“He played great,” Okafor said. “He’s working hard every day, getting used to the NBA process. It was good to see hard work paying off for him.”

Saric has been adjusting to new roles throughout the season. He was thrown into the starting power forward spot when Ben Simmons was injured, and then moved to the bench when the team acquired Ersan Ilyasova. On Saturday, Brown also played Saric at small forward in Robert Covington’s (knee) absence, a shift the Sixers may try again.

“He’s a good teammate,” Brown said. “He’s biding his time. He understands he’s a rookie. Incrementally, he’ll be given these opportunities. Tonight he did and he responded and you’re seeing continued growth.”

Saric still is early in his NBA career, and Saturday's showing was a game he can look back on and study for the rest of the season. 

“I feel like tonight … you’d walk away and say, ‘Shoot, that’s a hell of a player for playing 20 games in the NBA and he did what he just did against a hell of a team,’” Brown said. “I’m proud of what we saw all over the place from Dario.”

Sixers' '66-'67 team reflects on success of 'best team ever'

Sixers' '66-'67 team reflects on success of 'best team ever'

As part of their “Salute Saturday” series, the Sixers honored the 1966-67 championship team at halftime of their 107-106 loss the Celtics on Saturday.

Fifty years after winning the title, the success of the squad (which went 68-13 in the regular season) still resonates with those representing the Sixers today. After all, they are the group Wilt Chamberlain described as “the best team ever.”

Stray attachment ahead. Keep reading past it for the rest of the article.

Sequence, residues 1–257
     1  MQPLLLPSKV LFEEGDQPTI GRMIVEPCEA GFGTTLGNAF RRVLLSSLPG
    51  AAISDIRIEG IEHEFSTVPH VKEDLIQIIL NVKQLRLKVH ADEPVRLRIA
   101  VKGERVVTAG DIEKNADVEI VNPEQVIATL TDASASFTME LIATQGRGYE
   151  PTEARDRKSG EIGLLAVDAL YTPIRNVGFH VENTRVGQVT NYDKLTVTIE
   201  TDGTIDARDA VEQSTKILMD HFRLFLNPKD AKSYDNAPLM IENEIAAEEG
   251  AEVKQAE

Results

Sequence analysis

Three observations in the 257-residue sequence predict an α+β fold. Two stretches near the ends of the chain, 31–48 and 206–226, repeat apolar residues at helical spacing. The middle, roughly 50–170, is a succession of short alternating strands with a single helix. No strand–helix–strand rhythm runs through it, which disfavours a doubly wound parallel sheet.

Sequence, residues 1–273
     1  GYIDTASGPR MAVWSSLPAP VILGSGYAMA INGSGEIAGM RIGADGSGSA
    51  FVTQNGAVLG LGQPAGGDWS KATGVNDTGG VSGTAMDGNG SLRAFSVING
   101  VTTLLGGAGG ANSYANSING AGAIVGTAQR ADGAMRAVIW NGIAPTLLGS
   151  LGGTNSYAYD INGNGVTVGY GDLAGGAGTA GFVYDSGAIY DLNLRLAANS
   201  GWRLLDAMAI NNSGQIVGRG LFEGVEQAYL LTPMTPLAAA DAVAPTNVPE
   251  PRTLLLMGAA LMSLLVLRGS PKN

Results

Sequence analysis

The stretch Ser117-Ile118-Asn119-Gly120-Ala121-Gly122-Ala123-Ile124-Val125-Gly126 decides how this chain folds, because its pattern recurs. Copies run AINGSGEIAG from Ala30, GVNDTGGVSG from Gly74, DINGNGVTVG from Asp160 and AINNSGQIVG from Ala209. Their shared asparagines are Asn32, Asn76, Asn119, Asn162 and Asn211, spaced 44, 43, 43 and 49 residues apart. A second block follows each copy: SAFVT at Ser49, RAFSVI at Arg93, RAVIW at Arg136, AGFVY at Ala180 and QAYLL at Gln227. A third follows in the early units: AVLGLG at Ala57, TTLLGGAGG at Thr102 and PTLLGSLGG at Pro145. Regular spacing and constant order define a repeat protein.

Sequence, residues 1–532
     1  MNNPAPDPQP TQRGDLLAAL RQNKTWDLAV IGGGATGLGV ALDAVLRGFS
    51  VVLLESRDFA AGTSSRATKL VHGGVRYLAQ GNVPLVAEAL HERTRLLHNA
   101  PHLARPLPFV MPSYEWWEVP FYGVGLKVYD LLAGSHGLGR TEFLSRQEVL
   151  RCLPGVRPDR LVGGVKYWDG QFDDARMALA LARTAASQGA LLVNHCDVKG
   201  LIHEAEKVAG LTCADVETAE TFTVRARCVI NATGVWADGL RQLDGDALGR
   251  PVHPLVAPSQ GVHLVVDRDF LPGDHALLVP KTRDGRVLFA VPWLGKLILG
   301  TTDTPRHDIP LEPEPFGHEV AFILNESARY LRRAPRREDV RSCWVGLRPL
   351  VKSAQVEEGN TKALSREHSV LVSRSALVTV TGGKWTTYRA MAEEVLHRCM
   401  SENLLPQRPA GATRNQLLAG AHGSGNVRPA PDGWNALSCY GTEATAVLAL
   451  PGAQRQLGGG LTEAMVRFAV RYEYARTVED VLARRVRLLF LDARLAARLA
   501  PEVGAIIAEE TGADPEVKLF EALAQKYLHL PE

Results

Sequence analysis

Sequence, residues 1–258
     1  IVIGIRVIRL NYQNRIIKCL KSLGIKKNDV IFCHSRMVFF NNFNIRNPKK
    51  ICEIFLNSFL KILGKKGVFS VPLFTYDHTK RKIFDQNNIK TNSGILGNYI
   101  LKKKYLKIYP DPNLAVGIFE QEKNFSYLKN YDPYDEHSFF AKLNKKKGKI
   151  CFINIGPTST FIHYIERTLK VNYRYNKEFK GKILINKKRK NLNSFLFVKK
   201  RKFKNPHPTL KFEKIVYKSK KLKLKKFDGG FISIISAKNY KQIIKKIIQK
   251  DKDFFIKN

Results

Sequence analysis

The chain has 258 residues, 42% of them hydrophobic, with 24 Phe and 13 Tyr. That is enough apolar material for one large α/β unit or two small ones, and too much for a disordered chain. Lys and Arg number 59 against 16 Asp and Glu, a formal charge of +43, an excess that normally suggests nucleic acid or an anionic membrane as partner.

“It’s just part of the history of this city and the organization,” said Brett Brown, who has established a relationship with Billy Cunningham through practice visits and emails. “There was a toughness with that team that he personified and the city sort of reflects. It’s stuff you hear me talk about all the time how you want our team to reflect the spirit of the city. That team did it.”

Prior to their tribute ceremony, members of the team reflected on their run in which they beat the San Francisco Warriors for the title. 

On Wilt Chamberlain
“Wilt was such a dominant figure, not only as a basketball player, but he’s almost bigger than the game,” Matt Goukas said. “He played so well, he was such a good team player – he started really passing the ball right around that time --and that enabled great scorers like Hal (Greer) and Billy and Chet Walker to do their thing, and Wilt was very happy to give them that leeway.”.

On fond memories
“It was a team that we played well together and we lived as a family and that’s what made it so good for us," Greer said. "A lot of fun, a lot of fun. We missed the next year, but 68-13 is not bad at all.”

“It’s hard to forget a situation like that where we had such a terrific team and the season went so quickly, we won so many games and then of course winning a championship,” Goukas said. “As a first year player I said, ‘This is the way it’s supposed to be, I guess.’ But of course I never won another championship as a player, but we had such a terrific group of guys and true professionals that for me as a rookie, Billy Melchionni as a rookie, we really benefited from guys like Hal Greer, Wally Jones and Harry Costello, they really showed us the way.”

On team chemistry
“It was very difficult times when you look at the sixties from a social aspect,” Cunningham said. “Martin Luther King was killed the following year we won the championship. Race relationships weren’t the best. And this time, which was just about half black-half white, I’m not even sure, it was never an issue. That’s the beauty I think of being on a team you know getting to know people, you judge them as an individual and nothing more than that.”

“I think it was our coach Alex Hannum, for one (that kept the team together),” Greer said. “And of course the big guy. He held us together most of the time, he could rebound, play defense, do it all.”